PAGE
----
RM: Your project Asunder responds to a growing interest in the application of AI to critical environmental challenges by creating a fictional ‘environmental manager’ that proposes and simulates future alterations to the planet to keep it safely within planetary boundaries. In what way did this project highlight the fact that data driven systems cannot depoliticise or neutralise decision making?
TB: Asunder questions the techno-solutionism of artificial intelligence and of environmental or geo engineering. There is a growing interest using artificial intelligence and machine learning to automate decisions about environmental management and geoengineering and I think we are going to see more discussion of this as the climate emergency gets worse.
Geoengineering is a broad and conflicted term, one which Holly Jean Buck writes about really well. What is geoengineering? A lot of people are comfortable with planting a trillion trees to draw down carbon but they are not so comfortable with the carbon sequestering machines Bill Gates is trying to build. However, most geoengineering proposals rely on algorithmic decision making. If we were going to make a drastic intervention into earth’s climate system, it’s not a one-off event but a long ongoing issues of maintenance, like city wide garbage collection. There is this need to collect data and model earth’s climate in order to make decisions about how much one intervenes.
The project Asunder tackles these propositions by presenting an autonomous environmental manager. It selects different regions of the earth and manipulates satellite imagery to generate geoengineering scenarios. Each scenario is then modelled using a real open source climate model. The work questions what handing over power to computational processes would look like — and the answer is it looks very bizarre and apocalyptic. Most of the scenarios generated are economically or physically impossible or politically unpalatable for human societies. It’s one thing to design an AI for a self-driving car and a whole other to design AI for a planetary situation that involves 6 or 8 billion people.
RM: Data-driven systems are trained on data inputted by humans, and therefore are inevitably tainted by their own political bias. Will it ever be possible to create an AI system which is neutral?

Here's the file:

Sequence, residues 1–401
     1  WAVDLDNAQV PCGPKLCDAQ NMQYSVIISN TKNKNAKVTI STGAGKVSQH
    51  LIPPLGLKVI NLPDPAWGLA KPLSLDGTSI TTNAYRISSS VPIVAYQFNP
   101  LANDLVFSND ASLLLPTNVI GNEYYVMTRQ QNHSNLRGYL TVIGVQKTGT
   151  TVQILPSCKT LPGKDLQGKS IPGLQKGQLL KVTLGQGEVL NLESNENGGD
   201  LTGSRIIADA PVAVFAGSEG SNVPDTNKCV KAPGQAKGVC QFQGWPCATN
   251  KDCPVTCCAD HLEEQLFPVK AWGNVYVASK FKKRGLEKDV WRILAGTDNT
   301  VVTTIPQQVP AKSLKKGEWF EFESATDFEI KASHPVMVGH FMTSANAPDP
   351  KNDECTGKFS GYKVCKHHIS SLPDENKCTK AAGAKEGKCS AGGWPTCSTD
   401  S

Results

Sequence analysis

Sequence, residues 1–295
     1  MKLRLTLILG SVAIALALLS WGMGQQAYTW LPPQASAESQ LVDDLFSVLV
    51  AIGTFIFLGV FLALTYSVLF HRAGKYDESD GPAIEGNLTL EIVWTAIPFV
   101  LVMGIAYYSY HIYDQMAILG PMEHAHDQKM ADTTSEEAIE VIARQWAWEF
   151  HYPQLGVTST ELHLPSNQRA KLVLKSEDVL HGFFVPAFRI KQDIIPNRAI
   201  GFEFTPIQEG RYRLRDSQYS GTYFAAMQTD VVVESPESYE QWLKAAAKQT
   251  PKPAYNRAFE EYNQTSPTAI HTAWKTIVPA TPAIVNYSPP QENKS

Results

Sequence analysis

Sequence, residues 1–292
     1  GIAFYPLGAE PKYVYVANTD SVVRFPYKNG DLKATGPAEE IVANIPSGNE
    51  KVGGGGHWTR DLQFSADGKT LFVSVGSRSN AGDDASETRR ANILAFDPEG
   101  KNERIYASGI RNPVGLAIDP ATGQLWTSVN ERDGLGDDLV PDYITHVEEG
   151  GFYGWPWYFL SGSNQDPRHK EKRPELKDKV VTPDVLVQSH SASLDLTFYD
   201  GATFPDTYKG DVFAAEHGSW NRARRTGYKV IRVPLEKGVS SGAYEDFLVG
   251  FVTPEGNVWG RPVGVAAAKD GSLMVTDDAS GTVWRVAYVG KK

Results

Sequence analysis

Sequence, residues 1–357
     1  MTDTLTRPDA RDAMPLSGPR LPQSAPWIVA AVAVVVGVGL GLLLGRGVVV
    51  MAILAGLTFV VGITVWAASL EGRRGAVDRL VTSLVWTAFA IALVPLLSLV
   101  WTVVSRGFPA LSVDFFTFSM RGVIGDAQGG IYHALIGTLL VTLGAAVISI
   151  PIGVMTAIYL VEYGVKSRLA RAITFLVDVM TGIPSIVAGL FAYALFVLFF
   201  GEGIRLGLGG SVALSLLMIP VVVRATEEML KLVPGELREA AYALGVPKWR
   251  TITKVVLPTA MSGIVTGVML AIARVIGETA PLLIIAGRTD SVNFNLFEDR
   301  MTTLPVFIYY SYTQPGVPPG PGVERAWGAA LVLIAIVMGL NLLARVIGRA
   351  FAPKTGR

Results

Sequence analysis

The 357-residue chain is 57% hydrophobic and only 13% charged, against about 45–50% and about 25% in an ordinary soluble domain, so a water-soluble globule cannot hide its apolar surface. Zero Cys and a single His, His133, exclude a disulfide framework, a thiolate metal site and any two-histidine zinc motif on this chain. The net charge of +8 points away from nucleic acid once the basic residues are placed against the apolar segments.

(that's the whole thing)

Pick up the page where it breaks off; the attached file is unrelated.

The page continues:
TB: Neutral is a fantasy. Every means of data collection, modelling and simulation process is always done from a particular view which you can’t escape — there’s no all seeing eye that will show you what the world is, it will always escape us.
Neutrality is connected to the idea of objectivity, there is a lot of feminist scholarship from thinkers like Donna Haraway which pushes back against this idea of complete objectivity and says that if we want to get towards a thoughtful discussion of reality it’s about situatedness; knowing where you come from and which expectations you arrive with. This helps us see the context in which a certain data service is produced. For example, computing is a technology that has emerged from mostly west-coast US culture and it’s written in English. There’s been some projects with people trying to write programming languages in Chinese or Arabic such as in the work of the artist and developer Ramsey Nasser, but at some point you have to implement in English because all the operating systems are all written in English. So all of a sudden you have a bias there, and you can’t get around that unless you build a completely different stack, where stack is a term that refers to the layers of hardware and software that make up contemporary computer platforms and which is a multi-decade undertaking.